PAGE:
A leading London estate agent has written to The Times dismissing MPs who have been squabbling over Brexit and a possible snap General Election, and instead defending the estate agency and property industry against a string of political attacks.
The letter has been shared with Estate Agent Today.
In it, Marc von Grundherr - director of London agency Benham and Reeves - says that the housing market has performed with surprising resilience during the three and a quarter years of Brexit uncertainty, with prices broadly higher than they were in 2016 and transactions volumes down because of the effects of stamp duty rather than because of other issues.
Adopting a ‘plague on both your houses’ position to Conservative and Labour attacks on the buy to let sector, von Grundherr says: “Enter stage left the Labour Party with a nuclear option or two to finish the job that the Conservatives seem to have started.”
Referring to Labour’s most recent policy announcement - to allow private tenants the right to buy their properties even if landlords do not want to sell, and at an unspecified discount as well - von Grundherr writes: “[Shadow Chancellor] John McDonnell says he wants to tax landlords until, presumably, their pips squeak. And now wishes to steal 20 per cent of the value of each of their properties and gift that to their tenants with a neat bow attached.”
The Benham and Reeves director also criticises the Conservatives for what he calls an “asphyxiating” 15 per cent highest rate of stamp duty for some buyers in London which he says is down to “the assault on stamp duty orchestrated a couple of Chancellors ago.”
Here is von Grundherr’s letter in full:
As our political parties squabble over our European future and the country sits in a state of political paralysis, note that our property market has retained dignity even if our politicians have not.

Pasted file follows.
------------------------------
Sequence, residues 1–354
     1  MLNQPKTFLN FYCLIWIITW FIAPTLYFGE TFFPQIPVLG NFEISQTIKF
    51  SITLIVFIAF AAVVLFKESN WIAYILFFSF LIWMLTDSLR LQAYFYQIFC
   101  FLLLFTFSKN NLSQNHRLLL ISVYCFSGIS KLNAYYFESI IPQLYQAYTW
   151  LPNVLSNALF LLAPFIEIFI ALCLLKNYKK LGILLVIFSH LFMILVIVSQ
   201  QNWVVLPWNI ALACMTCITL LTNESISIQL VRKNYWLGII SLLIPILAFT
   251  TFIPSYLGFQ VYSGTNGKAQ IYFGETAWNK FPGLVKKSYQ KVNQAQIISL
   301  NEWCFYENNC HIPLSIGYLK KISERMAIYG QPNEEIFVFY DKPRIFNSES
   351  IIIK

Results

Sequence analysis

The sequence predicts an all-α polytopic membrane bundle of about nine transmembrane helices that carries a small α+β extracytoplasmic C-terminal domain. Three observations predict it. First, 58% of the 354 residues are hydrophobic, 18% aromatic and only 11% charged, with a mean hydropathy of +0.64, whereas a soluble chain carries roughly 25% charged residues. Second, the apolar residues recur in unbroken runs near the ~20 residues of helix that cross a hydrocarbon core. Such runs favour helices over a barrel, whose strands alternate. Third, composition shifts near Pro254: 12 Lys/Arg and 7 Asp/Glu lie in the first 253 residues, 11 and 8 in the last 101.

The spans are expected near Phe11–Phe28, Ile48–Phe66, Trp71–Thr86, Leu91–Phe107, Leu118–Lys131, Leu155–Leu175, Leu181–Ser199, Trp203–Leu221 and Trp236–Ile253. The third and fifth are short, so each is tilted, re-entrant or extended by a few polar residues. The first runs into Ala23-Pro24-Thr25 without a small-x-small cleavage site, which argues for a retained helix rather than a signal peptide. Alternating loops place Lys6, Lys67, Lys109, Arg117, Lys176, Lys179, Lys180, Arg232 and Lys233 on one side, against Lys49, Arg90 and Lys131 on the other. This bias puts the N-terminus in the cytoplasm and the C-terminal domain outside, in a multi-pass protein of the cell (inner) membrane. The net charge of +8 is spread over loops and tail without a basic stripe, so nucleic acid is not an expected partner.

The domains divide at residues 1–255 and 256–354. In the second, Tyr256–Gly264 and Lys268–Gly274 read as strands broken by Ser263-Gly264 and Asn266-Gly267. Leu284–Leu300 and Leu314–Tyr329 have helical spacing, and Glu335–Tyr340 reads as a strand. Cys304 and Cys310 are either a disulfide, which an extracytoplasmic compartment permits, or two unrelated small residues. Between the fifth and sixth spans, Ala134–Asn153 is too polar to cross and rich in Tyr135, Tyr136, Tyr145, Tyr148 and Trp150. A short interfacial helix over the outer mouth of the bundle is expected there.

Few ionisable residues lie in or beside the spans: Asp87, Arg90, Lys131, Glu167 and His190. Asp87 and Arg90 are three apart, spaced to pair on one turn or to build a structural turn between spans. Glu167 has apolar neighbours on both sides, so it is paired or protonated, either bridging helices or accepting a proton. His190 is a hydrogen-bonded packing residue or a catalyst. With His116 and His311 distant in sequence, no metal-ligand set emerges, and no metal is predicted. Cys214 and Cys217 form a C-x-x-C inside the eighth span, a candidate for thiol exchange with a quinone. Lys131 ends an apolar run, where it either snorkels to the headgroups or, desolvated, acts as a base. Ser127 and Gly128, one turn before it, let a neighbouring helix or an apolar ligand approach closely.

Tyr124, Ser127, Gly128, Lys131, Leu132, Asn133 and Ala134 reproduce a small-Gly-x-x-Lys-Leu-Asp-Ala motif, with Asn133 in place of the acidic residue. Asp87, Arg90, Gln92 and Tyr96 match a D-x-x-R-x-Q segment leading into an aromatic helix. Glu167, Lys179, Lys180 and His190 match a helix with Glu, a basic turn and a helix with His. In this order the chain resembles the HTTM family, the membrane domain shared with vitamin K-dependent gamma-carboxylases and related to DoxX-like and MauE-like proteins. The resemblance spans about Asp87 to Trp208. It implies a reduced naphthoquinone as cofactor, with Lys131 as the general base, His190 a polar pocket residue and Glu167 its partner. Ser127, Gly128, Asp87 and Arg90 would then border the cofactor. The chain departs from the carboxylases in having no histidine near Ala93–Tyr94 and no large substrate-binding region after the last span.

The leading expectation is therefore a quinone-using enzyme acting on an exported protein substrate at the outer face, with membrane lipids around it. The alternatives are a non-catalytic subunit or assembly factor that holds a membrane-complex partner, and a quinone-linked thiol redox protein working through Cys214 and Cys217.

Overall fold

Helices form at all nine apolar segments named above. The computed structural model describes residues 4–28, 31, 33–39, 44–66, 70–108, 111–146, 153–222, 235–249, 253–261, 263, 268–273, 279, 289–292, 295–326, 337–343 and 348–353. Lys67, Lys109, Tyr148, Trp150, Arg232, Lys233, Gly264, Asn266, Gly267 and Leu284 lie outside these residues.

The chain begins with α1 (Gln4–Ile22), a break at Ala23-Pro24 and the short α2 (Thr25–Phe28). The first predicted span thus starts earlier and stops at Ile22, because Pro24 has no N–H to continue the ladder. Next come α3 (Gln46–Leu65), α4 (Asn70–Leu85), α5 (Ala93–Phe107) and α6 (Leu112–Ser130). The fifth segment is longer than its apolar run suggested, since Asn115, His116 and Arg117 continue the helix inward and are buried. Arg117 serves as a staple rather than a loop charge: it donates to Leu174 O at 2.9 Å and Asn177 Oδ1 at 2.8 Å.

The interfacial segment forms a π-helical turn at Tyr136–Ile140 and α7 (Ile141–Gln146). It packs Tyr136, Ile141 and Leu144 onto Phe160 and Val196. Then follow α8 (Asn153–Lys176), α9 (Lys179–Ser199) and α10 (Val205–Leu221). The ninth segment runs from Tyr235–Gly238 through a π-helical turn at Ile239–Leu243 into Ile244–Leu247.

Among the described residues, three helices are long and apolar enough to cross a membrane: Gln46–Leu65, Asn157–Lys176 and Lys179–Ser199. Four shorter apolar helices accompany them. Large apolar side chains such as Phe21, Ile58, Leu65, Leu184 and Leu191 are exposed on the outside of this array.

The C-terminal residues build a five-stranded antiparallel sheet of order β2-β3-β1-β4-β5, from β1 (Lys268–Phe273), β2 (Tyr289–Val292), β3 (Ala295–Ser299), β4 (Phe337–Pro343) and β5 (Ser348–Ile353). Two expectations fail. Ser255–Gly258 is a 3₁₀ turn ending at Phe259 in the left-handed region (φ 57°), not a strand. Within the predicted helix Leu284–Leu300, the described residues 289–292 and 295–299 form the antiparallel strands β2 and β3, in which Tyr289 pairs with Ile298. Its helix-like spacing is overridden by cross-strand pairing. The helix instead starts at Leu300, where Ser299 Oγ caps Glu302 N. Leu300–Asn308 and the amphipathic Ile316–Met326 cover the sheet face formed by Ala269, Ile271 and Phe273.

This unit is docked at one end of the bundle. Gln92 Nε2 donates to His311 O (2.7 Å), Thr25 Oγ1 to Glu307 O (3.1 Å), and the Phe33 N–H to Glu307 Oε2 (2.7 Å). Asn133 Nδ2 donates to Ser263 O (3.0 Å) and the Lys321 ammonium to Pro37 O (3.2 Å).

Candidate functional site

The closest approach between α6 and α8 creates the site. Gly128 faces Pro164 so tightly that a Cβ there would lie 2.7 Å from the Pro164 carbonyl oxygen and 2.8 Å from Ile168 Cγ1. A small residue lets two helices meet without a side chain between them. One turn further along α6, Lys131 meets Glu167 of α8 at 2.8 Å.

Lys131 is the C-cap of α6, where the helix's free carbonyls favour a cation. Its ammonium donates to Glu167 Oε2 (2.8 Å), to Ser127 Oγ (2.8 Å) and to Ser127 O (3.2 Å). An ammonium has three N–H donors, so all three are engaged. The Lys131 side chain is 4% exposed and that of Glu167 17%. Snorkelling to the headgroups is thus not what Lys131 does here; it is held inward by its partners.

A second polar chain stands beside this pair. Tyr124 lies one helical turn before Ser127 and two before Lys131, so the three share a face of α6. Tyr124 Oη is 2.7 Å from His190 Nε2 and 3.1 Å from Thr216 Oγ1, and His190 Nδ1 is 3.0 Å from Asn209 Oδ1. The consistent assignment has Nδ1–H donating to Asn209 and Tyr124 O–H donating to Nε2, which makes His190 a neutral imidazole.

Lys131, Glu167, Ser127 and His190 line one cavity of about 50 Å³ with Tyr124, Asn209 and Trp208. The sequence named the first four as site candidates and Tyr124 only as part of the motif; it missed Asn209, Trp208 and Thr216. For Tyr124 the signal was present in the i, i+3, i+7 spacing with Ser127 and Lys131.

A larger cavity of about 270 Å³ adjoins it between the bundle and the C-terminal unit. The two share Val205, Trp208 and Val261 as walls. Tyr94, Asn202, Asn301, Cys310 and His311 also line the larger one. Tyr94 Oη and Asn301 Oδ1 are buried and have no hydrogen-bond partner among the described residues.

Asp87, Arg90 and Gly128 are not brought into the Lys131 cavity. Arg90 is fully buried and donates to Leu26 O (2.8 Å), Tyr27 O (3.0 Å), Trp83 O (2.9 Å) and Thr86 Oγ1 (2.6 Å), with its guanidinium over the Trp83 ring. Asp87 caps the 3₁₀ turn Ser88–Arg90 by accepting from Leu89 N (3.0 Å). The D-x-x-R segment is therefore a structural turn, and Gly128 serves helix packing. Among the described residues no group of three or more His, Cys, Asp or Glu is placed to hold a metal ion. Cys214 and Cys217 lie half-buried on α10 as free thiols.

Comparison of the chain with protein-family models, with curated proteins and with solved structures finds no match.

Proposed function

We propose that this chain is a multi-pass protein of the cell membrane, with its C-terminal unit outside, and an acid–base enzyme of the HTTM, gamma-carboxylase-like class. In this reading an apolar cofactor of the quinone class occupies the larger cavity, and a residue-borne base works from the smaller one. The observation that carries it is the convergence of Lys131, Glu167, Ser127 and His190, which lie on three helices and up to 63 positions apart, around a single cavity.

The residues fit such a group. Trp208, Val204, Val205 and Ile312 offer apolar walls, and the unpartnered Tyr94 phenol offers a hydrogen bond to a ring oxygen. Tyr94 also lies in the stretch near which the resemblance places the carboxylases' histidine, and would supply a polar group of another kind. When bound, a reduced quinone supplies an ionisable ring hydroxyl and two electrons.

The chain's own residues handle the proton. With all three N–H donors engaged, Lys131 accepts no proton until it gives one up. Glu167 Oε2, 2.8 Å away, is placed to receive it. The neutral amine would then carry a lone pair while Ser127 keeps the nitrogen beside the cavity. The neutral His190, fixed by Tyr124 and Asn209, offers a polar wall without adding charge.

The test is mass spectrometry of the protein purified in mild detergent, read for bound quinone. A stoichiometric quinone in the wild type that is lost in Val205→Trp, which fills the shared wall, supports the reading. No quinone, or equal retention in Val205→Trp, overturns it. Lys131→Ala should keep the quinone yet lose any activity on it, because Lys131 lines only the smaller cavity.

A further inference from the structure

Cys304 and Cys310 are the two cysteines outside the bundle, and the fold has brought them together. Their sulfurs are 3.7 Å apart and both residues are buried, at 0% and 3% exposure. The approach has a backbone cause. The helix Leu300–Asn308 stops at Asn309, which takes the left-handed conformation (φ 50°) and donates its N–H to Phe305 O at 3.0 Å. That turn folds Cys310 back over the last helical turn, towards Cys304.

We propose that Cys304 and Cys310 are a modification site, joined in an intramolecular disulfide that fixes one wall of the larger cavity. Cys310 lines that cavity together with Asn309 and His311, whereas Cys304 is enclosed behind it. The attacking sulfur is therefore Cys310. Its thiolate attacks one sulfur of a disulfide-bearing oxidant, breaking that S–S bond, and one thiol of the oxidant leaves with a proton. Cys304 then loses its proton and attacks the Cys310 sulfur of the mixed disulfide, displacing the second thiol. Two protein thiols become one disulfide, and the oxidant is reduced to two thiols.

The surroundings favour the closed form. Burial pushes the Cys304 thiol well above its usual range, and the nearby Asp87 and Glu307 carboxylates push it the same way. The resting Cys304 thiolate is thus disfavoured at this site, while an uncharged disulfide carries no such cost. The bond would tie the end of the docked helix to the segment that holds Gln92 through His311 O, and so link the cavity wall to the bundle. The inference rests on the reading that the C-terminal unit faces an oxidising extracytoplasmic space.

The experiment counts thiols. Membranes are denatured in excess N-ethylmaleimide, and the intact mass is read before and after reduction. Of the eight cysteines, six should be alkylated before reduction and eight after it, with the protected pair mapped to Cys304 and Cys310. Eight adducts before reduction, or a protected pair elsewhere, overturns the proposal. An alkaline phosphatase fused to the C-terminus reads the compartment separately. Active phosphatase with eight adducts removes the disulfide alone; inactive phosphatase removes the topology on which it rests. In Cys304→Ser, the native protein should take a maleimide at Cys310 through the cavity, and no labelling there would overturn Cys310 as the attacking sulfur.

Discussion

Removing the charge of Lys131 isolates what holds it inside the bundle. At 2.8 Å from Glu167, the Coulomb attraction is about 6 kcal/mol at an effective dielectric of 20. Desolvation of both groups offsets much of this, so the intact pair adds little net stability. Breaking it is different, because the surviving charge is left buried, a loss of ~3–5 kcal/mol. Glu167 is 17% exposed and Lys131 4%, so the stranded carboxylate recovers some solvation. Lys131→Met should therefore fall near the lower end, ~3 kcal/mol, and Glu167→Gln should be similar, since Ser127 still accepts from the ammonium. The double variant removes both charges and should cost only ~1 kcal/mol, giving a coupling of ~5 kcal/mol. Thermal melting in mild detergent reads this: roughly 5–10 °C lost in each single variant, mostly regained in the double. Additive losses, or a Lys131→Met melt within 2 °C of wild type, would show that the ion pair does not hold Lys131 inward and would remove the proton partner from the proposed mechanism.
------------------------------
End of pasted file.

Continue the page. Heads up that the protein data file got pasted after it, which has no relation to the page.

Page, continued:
UK house prices and rental values are higher than before the referendum by eight per cent and five per cent respectively and whilst transactions in London in particular are now lower, much of this can certainly be attributed to the assault on stamp duty orchestrated a couple of Chancellors ago where the top rate is now an asphyxiating 15 per cent.
This is remarkable resilience overall really yet, not content with successive attempts at destroying the market and sucking positive sentiment out of it, enter stage left the Labour Party with a nuclear option or two to finish the job that the Conservatives seem to have started.
Sadiq Khan wants to cap rents and therefore the investment yields that landlord investors may achieve. John McDonnell says he wants to tax landlords until, presumably, their pips squeak. And now wishes to steal 20 per cent of the value of each of their properties and gift that to their tenants with a neat bow attached.
If this short-sightedness succeeds in becoming law in the event of a change of administration, as now seems possible, the glee of the Treasury and tenants respectively will be very short lived indeed when they suddenly realise that there are no landlords left with which to fight.
The property market underpins our economy, provides much of our social housing via the PRS, employs hundreds of thousands of people and contributes billions of pounds in direct and indirect taxation.
Like the proverbial piñata, if you bash it for long enough, your sweets fall to the floor and then disappear in all directions.
Marc von Grundherr, Director, Benham and Reeves